This statement was a clear acknowledgement that the decisions of the trial judge and the summary conviction appeal judge were made in error. The primary issues at trial, then, were no longer live issues at the Ontario Court of Appeal.
In their place, the Crown took a new position at the Ontario Court of Appeal and submitted that the court should amend the information in such a way that it would conform to the evidence led at trial. In short, it would be amended to state that the appellant’s licence was suspended by way of a provincial suspension, not an order pursuant to section 259(1) of the Code; whether this amendment should be allowed became the live issue on appeal.
Section 683(1)(g) of the Code expressly authorizes an amendment to an indictment; by way of analogy, an amendment to an information is also permitted. The section states that where the court of appeal considers it to be in the interests of justice, it may amend an indictment “unless it is of the opinion that the accused has been misled or prejudiced in his defence or appeal.”
As per the Ontario Court of Appeal’s decision in R v Irwin, 1998 CanLII 2957:
I would hold that s. 683(1)(g) permits an amendment on appeal where the amendment cures a variance between the charge laid and the evidence led at trial regardless of whether the amendment materially changes the charge, substitutes a new charge for the initial charge, or adds an additional charge.
While it is clear that this section allows for a broad scope of permissible amendments, “caution must be the watchword when an appeal court considers a Crown request to amend an indictment or information and enter a conviction for a person who would be acquitted on the basis of the un-amended indictment or information” (Brownson at para 22). Such an amendment could result in unfairness, as it appears to be irreconcilable with the importance we place on the accused knowing the charge against him as set out in an information or indictment.
Has the Accused Been Misled or Prejudiced in his Defence or Appeal?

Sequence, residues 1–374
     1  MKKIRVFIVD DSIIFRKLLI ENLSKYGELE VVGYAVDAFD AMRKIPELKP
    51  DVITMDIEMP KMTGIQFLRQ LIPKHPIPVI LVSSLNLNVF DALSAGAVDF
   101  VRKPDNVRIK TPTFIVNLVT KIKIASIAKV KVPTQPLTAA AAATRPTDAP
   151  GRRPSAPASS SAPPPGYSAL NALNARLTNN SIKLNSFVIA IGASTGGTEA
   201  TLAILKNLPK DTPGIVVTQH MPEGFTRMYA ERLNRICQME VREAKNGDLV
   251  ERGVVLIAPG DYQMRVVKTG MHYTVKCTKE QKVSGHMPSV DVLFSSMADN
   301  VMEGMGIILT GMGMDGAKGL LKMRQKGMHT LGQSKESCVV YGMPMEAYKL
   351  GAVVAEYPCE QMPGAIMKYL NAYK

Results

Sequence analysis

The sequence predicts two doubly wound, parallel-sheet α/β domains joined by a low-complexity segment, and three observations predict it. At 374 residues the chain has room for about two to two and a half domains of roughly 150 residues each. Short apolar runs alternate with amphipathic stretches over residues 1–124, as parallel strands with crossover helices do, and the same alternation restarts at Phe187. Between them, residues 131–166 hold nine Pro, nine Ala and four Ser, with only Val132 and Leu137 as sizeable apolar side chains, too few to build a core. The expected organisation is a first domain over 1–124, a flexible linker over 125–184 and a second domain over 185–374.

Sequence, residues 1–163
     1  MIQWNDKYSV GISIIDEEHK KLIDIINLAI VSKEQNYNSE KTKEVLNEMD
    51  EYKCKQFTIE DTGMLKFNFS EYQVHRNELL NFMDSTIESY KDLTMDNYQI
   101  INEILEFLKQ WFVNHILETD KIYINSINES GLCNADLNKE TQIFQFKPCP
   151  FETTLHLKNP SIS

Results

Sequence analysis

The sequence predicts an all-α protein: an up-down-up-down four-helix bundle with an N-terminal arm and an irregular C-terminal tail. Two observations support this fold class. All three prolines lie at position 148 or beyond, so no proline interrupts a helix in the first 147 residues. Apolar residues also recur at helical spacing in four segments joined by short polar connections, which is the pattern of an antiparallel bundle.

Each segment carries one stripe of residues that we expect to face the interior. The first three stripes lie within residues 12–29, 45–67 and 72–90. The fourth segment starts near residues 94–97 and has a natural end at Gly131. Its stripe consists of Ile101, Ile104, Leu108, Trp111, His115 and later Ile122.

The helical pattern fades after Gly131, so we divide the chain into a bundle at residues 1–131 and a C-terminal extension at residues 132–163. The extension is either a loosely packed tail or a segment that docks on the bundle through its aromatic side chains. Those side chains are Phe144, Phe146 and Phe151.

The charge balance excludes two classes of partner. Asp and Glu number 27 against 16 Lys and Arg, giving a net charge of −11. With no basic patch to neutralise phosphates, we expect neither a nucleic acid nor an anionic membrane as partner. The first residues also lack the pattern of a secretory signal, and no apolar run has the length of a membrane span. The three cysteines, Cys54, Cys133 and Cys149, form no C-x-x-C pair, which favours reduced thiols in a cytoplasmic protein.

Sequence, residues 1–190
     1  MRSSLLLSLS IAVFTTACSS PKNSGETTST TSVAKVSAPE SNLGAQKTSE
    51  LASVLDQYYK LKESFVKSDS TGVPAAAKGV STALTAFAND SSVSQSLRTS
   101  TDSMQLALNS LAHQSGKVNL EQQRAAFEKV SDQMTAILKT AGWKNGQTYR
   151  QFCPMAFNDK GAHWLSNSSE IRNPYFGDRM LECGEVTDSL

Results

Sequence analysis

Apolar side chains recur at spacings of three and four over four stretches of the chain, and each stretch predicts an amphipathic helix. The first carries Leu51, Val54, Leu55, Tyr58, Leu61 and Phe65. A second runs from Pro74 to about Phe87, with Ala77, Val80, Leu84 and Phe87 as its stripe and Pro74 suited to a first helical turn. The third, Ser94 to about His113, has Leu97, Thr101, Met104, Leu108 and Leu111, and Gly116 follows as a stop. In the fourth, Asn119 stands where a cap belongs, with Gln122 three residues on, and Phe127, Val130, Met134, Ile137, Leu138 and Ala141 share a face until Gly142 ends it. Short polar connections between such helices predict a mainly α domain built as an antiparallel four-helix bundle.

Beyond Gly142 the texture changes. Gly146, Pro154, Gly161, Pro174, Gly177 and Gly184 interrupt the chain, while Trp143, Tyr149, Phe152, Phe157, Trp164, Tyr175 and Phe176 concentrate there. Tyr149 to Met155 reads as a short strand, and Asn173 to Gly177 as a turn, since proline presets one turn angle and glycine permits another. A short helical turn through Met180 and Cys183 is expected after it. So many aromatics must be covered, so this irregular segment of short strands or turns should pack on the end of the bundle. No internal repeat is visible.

For the majority, MacPherson J.A. stated that when considering a Crown request to amend an indictment or information at the appeal stage of a criminal proceeding, “the court must focus carefully on the precise qualifying words of s. 683(1)(g) of the Criminal Code, and ask this question: has the accused been misled or prejudiced in his defence or appeal?” (ibid at para 23).
In this case, the majority found the answer to this question to be “yes” at both the trial stage and at the appeal stage. The trial itself was very short. The Crown called only one witness, the arresting officer, and established that the appellant was disqualified from driving due to a provincial suspension, but not by virtue of a prohibition pursuant to the Criminal Code, as this prohibition order had expired. The information, then, incorrectly stated that the appellant was arrested for driving while disqualified pursuant to section 259(1) of the Code. The cross-examination of the arresting officer by the defence was brief; the defence ultimately submitted that “the evidence led at trial did not conform to the facts specified in the information. The Crown now concedes, and this court accepts, that this was true” (ibid at para 28).
Problematically, it is impossible to know what the defence would have asked the arresting officer in its cross-examination had the information been correctly particularized. Certainly, he would not have focused his cross-examination on the incorrect particularization in the information. Therefore, to the extent that the appellant relied on the information while formulating his defence, he was prejudiced. The court went on to state that the prejudice bar should not be “set very high in a case where the Crown seeks to amend an information on appeal, especially on a second appeal” (ibid at para 30).